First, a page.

James Charles, Tati Westbrook and the Chaos of Cancel Culture

Alexa Tietjen

It started with a video — or was it an Instagram Story promoting vitamins?

James Charles and Tati Westbrook — and Jeffree Star, who inserted himself into the fray somewhere along the way — have publicly put an end to the virtual maelstrom that moved millions. The highly publicized back-and-forth between 20-year-old Charles, who shot to Internet stardom in 2016 when CoverGirl named him its first male spokesmodel, and 37-year-old Westbrook, Charles’ mentor who is credited as one of the first beauty influencers, centered around a social media post promoting vitamins and mushroomed over allegations of sexual harassment.

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The exchange took off on May 10 with Westbrook’s “Bye Sister” video and snowballed online for a full nine days until Charles declared a truce on his Twitter account. The drama initially cost Charles about 3 million subscribers — he ultimately gained back about 2 million — while Westbrook gained nearly 4 million subscribers. YouTuber Tea4Real even posted a video supposedly showing Charles’ and Westbrook’s subscriber counts changing in real time, and YouTube has since announced it will change the way it displays subscriber counts.

Cancel culture is nothing new to the online world. It’s like a virtual boycott, but potentially more dangerous because of the uncontrollable nature of social media. It usually happens like this: a celebrity or personality is accused of doing or saying something deemed so egregious by social media users, they collectively “cancel” the person in question, posting “receipts” in attempts to damage his or her career. The canceling sometimes includes a Twitter hashtag party — in this case, #JamesCharlesIsOverParty — which is apt to go viral, jettisoning the canceled person to the Internet’s abyss, temporarily or permanently.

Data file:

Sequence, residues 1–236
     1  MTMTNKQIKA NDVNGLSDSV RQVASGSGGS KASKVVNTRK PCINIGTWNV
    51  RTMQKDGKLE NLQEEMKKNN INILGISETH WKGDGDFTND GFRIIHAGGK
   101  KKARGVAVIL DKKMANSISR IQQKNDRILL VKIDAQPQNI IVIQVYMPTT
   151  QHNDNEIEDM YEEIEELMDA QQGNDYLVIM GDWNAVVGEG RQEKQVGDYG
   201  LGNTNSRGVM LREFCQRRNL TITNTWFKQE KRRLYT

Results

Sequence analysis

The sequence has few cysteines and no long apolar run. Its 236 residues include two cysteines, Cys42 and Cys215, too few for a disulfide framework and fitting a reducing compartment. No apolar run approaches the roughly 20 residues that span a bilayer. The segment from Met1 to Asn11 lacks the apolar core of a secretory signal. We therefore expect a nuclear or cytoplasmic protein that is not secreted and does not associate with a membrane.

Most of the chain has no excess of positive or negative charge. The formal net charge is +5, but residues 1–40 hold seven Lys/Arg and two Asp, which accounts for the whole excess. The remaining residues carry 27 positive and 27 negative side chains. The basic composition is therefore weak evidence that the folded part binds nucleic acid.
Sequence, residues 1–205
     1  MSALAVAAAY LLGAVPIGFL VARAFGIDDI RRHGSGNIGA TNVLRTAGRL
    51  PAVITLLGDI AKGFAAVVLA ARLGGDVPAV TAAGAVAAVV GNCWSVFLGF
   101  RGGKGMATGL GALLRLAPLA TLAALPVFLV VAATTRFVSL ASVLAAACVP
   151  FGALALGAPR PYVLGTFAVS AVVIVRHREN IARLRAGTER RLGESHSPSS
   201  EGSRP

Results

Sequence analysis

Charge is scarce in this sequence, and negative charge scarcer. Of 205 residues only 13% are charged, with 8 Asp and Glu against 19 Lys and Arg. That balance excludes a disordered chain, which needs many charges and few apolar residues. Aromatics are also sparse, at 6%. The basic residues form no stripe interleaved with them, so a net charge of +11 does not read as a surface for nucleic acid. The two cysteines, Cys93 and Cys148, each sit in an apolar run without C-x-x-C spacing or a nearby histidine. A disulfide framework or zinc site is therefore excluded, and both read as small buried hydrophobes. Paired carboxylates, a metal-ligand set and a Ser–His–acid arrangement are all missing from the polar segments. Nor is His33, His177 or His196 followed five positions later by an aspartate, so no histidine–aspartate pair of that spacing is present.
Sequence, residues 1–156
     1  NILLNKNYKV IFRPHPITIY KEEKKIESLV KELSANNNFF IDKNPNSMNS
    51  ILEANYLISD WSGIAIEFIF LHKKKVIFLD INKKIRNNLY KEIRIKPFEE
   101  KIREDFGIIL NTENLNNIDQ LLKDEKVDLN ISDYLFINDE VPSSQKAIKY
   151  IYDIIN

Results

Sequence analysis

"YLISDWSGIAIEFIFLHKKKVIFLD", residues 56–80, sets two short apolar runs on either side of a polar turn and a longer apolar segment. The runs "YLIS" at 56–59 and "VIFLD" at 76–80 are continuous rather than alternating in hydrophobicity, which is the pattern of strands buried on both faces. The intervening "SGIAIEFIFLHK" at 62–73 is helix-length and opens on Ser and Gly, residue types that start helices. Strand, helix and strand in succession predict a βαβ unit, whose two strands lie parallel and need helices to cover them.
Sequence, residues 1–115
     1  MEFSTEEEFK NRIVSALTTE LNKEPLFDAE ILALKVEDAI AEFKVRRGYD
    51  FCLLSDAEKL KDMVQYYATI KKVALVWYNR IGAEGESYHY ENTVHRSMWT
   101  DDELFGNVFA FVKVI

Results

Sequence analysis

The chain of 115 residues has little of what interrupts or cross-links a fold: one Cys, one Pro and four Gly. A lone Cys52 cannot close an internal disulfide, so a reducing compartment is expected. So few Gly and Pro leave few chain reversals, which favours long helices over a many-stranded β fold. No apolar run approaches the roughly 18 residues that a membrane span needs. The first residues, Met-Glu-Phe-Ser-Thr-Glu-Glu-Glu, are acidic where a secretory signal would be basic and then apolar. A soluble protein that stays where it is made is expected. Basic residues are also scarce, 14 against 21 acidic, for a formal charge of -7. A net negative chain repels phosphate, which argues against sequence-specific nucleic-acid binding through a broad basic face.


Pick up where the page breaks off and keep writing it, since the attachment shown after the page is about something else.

“Cancel culture is a byproduct of our ability to advocate for ourselves on social media,” said Angelica Nwandu, founder of popular Instagram account The Shade Room. “It comes from a great place, but what I’ve suggested is that we cancel the behavior and not the person because it’s becoming a toxic movement. It’s not allowing anyone to make a mistake.”

YouTube’s beauty community is well acquainted with cancel culture — new feuds emerge as often as new makeup palettes. But the Charles-Westbrook fiasco is the largest drama to date. That’s owing, in part, to the sloppiness of the accusations hurled and receipts pulled, as well as the speed with which those watching ran off with unconfirmed facts. The feud quickly became an example of what not to do on the Internet (i.e., spread false or unsubstantiated information) and an embodiment of cancel culture at its worst.